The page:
Can my spouse access my email or social media accounts?
Updated: Mar 16
Marriage Story is an Oscar nominated movie chronicling the divorce process between a husband (Adam Driver) and wife (Scarlett Johansson). A subplot of the movie is the theft of the husband’s emails by the wife. Although not central to the movie the theft of the emails seems to be accepted as both admissible and hurtful to the husband’s case.
In my practice I am often asked about the theft of electronic data from one spouse’s email/social media/communication apps by the other spouse. Our smart phones and tablets often carry our complete digital private life. Our financial, medical, work, and personal records are all a few clicks away.
Whether this conduct is permissible depends on a number of different considerations. For example a non-exhaustive list might include:
Who set up the electronic account?
Who regularly accessed the electronic account?
How was the unauthorized access accomplished?
Who had the password to the electronic account?
How old was the electronic information?
How was the electronic information accessed?
Each state differs on liability for a spouse accessing another spouse’s electronic accounts without permission. I will not examine the different state laws. This article will focus on two federal law: Computer Fraud and Abuse Act (CFAA) and Stored Communications Act (SCA). These two acts were passed long before computers became a regular fixture in the household let alone common in the pockets of most Americans.
The Computer Fraud and Abuse Act (CFAA) was signed into law in 1986. This is a federal criminal law which also allowing individuals to sue others for civil claims. When passed this law addressed large scale commercial computer disruption by organized crime, computer hackers, and unfriendly foreign governments.
While CFAA protects from unauthorized access, the Stored Communications Act (SCA) protects against unauthorized disclosure. Although there is overlap between these two laws SCA is limited by where the electronic information is stored. SCA claims must derive from information held by commercial electronic communication services like Google, Yahoo, etc.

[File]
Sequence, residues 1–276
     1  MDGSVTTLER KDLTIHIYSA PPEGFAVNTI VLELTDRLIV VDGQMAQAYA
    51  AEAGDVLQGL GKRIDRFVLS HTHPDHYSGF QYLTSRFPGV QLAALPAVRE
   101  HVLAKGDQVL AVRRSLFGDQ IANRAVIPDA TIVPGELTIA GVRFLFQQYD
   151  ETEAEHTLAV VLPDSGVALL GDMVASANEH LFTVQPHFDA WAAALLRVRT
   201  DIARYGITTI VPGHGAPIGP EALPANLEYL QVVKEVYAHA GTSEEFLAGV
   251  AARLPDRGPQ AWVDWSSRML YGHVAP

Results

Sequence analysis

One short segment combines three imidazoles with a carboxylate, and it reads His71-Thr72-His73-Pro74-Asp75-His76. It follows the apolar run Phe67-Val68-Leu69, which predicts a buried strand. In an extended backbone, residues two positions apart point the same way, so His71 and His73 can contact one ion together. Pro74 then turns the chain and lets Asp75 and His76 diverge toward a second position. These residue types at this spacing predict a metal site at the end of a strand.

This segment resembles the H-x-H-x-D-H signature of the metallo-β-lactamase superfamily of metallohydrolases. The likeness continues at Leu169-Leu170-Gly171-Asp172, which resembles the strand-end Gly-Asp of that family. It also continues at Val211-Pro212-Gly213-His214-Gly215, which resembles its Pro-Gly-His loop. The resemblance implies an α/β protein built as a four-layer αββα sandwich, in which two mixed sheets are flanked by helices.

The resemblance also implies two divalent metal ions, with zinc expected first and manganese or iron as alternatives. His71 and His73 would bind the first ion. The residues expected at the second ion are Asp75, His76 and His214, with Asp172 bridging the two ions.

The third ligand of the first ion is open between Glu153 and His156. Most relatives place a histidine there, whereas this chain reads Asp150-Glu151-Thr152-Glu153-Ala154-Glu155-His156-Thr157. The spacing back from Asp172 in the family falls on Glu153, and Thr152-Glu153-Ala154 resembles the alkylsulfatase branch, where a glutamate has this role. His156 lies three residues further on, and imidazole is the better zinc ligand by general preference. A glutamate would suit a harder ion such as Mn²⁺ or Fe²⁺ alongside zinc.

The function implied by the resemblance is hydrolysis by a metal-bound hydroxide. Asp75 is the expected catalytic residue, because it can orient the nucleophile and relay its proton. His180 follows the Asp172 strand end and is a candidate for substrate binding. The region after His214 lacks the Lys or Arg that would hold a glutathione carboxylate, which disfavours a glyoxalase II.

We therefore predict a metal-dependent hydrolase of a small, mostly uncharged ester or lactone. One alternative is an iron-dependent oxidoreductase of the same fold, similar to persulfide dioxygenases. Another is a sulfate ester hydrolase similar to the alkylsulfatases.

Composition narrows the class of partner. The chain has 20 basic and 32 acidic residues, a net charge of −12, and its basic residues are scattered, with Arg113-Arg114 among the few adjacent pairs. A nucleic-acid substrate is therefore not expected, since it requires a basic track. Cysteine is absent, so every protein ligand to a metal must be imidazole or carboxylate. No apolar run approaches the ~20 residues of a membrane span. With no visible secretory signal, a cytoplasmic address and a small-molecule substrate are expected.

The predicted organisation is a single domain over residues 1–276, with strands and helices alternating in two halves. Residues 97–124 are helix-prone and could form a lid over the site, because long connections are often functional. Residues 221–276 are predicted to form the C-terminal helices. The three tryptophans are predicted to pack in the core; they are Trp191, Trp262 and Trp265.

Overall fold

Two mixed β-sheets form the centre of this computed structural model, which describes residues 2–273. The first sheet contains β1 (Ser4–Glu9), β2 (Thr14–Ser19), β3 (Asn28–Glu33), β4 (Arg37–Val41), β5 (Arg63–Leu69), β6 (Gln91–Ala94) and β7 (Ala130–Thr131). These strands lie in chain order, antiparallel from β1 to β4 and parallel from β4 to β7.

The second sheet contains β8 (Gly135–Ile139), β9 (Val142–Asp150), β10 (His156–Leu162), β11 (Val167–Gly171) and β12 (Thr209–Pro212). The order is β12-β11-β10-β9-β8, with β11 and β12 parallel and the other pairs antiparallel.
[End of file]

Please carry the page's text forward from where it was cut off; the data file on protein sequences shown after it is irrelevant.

Unauthorized access likely occurs far more often than presented to the courts.
In 2019 the Court of Appeal for the Fourth Circuit addressed the CFAA and SCA in a context of personal relationship. In Hately, the plaintiff (Patrick Hately) sued David Watts for accessing his email account. The email account was Patrick Hately’s student account operated by Virginia Community College System. David Watts obtained the account information from Nicole Torrenzano.
Patrick Hately and Nicole Torrenzano were engaged in a long term intimate relationship. During the course of their relationship Patrick and Nicole shared their email and electronic usernames and passwords with each other. Nicole and David Watts began an intimate relationship. In an effort to help David Watts Nicole provided David Watts with Patrick’s passwords to help David Watts divorce. David Watts accessed Patrick’s email account.
Hately sued David Watts but lost at the trial court. The appellate court reversed finding error in the trial court’s interpretation of the provisions of Stored Communications Act.
Hately demonstrates the application of electronic privacy law on intimate personal information wrongly accessed by former spouse, friend, or family member. Many more cases will follow.
DISCLAIMER: This information is provided for educational purposes only. Laws, regulations, and rules constantly change and information is valid for the date published only. No legal advice is given. No attorney client relationship has been formed by reading this entry. Each case is different and you should consult with a licensed attorney in your jurisdiction before undergoing any legal proceeding.